VIETNAM - COOK, EARL LLOYD

Cook, Earl Lloyd

VIETNAM - COOK, EARL LLOYD
COOK, EARL LLOYD

Rank: Specialist 4

Unit: 919th Engineer Company, 11th Armored Cavalry Regiment

MOS: 12B – Combat Engineer

Awards: Bronze Star Medal with Valor Device and Oak Leaf Cluster, Purple Heart Medal, National Defense Service Medal, Vietnam Service Medal, Republic of Vietnam Campaign Medal

Unit awards: Vietnamese Gallantry Cross with Palm device

Enlisted by: Selected Service

Date of birth: 12-Sep-1948

Hometown: Washington Court House, Ohio

Marital status: Married to Carol J. Cook, one daughter

Campaign: Vietnam Conflict

Entered service: 18-Mar-1968

Start of tour: 7-May-1969

Incident date: 9-Jul-1969

Date of casualty: 9-Jul-1969

Age at death: 20

Cause of death: Hostile, Died. Small Arms Fire. Gun or small arms fire.
Earl Lloyd Cook was killed while gunner on a military vehicle on a combat operation when a hostile force was encountered. / Right gunner on armored personnel carrier (APC) on combat operation.  Engaged hostile force in firefight.

Five Blackhorse troopers died as a result of this incident:
SGT Thomas Jackson Barnes Jr
SP4 Earl Lloyd Cook
SP5 John Bruce Cornwell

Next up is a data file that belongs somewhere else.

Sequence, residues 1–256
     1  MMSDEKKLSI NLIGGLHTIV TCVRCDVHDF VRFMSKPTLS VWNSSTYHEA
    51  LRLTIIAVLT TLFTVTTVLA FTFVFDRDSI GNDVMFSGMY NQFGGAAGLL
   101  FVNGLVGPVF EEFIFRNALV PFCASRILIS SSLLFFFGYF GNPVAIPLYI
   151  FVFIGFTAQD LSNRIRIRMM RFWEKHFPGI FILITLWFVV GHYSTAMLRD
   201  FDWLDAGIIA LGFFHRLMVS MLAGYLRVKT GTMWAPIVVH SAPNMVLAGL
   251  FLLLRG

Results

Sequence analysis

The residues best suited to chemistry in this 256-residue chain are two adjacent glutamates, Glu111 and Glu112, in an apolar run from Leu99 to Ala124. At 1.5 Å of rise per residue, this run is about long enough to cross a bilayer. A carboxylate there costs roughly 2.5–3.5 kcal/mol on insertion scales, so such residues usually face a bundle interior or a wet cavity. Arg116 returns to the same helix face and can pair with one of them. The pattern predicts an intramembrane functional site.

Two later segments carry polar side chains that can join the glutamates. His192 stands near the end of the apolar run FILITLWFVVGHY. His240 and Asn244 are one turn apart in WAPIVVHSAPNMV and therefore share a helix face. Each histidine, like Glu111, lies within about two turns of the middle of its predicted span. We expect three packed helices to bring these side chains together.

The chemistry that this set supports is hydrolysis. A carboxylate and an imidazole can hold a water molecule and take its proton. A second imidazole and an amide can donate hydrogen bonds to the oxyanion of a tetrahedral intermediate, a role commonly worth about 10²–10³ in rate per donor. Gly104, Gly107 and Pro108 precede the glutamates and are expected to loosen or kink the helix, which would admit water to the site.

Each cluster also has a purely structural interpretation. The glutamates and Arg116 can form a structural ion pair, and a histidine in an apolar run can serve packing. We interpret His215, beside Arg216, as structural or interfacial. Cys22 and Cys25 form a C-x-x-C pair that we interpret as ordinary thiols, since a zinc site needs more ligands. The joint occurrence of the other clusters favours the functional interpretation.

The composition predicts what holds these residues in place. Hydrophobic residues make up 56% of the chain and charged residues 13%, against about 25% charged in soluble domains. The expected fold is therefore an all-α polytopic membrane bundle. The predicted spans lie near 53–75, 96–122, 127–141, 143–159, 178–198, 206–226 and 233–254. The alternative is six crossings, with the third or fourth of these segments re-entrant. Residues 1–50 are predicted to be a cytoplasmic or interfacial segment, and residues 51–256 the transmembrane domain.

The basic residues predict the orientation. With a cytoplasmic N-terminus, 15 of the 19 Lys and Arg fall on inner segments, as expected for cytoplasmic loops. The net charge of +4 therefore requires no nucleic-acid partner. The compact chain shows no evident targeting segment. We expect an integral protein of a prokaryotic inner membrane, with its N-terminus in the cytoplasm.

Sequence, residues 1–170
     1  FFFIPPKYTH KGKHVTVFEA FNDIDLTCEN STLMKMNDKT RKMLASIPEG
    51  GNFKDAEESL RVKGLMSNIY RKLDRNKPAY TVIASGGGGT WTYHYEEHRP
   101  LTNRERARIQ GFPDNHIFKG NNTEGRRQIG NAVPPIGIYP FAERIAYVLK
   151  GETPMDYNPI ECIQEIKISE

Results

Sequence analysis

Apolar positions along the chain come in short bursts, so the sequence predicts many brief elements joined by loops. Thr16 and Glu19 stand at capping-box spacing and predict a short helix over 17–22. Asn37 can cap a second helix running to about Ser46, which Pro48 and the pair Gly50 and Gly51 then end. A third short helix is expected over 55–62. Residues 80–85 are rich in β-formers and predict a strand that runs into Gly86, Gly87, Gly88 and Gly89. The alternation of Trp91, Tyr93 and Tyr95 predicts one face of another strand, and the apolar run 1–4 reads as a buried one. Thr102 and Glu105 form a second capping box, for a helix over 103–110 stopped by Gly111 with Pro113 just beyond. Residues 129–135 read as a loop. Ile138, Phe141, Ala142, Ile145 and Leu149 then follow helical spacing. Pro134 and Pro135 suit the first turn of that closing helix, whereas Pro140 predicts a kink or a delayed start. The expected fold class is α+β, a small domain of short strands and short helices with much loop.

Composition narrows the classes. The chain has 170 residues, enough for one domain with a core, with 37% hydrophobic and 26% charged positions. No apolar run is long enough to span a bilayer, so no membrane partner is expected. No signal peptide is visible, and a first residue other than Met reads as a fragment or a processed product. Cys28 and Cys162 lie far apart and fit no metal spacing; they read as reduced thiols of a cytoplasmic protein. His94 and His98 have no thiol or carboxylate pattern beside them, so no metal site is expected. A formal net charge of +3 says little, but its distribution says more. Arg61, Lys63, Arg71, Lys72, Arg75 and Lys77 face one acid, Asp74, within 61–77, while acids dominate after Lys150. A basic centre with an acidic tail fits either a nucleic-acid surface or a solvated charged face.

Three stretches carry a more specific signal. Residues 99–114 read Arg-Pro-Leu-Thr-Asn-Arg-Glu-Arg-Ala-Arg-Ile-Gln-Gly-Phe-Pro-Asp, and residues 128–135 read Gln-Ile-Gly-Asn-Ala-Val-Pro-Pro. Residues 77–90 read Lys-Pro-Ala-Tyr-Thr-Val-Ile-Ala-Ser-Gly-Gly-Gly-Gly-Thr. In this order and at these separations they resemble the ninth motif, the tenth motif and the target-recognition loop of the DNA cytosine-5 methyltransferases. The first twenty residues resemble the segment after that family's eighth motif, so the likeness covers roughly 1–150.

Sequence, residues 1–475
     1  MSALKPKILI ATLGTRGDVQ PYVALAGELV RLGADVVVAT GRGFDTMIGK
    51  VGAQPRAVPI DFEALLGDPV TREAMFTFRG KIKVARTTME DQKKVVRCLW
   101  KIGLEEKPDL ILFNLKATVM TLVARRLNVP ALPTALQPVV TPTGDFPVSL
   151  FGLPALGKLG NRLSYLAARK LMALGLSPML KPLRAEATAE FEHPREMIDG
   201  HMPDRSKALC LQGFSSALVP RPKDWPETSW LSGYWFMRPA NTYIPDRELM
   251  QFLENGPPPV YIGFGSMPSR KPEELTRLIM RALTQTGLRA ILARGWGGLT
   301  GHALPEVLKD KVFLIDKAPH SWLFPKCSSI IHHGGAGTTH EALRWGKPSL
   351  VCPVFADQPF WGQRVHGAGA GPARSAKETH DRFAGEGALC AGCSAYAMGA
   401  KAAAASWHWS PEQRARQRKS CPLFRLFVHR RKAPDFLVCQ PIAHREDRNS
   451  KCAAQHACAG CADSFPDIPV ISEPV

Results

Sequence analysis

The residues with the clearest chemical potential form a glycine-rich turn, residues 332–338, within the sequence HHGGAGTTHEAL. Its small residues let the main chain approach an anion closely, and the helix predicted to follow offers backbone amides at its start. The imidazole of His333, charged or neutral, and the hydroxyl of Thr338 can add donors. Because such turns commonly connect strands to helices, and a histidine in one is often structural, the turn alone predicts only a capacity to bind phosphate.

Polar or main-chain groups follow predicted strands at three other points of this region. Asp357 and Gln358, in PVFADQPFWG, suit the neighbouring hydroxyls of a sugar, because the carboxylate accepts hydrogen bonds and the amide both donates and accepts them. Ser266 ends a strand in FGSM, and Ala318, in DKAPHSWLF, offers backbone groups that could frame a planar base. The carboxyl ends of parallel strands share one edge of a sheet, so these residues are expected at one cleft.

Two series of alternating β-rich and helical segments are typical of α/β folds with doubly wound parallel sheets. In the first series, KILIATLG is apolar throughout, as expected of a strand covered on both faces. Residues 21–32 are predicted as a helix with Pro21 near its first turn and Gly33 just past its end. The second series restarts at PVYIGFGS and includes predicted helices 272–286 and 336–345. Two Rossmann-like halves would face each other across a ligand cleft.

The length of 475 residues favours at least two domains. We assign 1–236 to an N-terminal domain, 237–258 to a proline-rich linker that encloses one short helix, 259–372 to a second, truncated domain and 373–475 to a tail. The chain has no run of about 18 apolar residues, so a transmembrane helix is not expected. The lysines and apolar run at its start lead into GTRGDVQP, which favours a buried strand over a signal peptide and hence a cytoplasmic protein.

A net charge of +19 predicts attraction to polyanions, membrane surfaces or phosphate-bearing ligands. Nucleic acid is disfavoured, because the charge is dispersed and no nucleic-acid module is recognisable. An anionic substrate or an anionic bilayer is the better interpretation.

SGT Jimmie Charles Scrogum
1LT Carl Douglas Shirley

Location of fatality: Binh Long, South Vietnam, XT 738 930

Place of interment: Highlawn Memory Gardens, Washington Court House, Ohio, USA

View this soldier‘s Find a Grave page (opens in a new window)

Vietnam Veterans Memorial panel and row: 21W 091 (view Vietnam Veterans Memorial link in a new window)

 

BRONZE STAR MEDAL

BRONZE STAR MEDAL
WITH VALOR DEVICE AND OAK LEAF CLUSTER
POSTHUMOUS

SPECIALIST FOUR EARL L COOK
9 JULY 1969
919TH ENGINEER COMPANY (ARMORED)
11TH ARMORED CAVALRY REGIMENT

Specialist Four Cook distinguished himself by heroism in connection with military operations against a hostile force on 9 July 1969 while serving as a gunner with the 919th Engineer. Company (Armored), 11th Armored Cavalry Regiment, in the Republic of Vietnam. On this date while acting as rear security for a convoy, his platoon came under intense automatic weapons and rocket-propelled grenade fire from a large, well-concealed enemy force. Disregarding the hostile fusillade to which he was exposed, Specialist Cornwell immediately began placing accurate suppressive fire on the enemy. As he continued raking the hostile positions with devastating fire, he was mortally wounded by an exploding rocket-propelled grenade. Specialist Four Cook’s courage and devotion to duty were in keeping with the highest traditions of the military service and reflect great credit upon himself, his unit and the United States Army.
Headquarters, II Field Force Vietnam General Orders No. 1927 (6 August 1969)

The owner of this website has made a commitment to accessibility and inclusion, please report any problems that you encounter using the contact form on this website. This site uses the WP ADA Compliance Check plugin to enhance accessibility.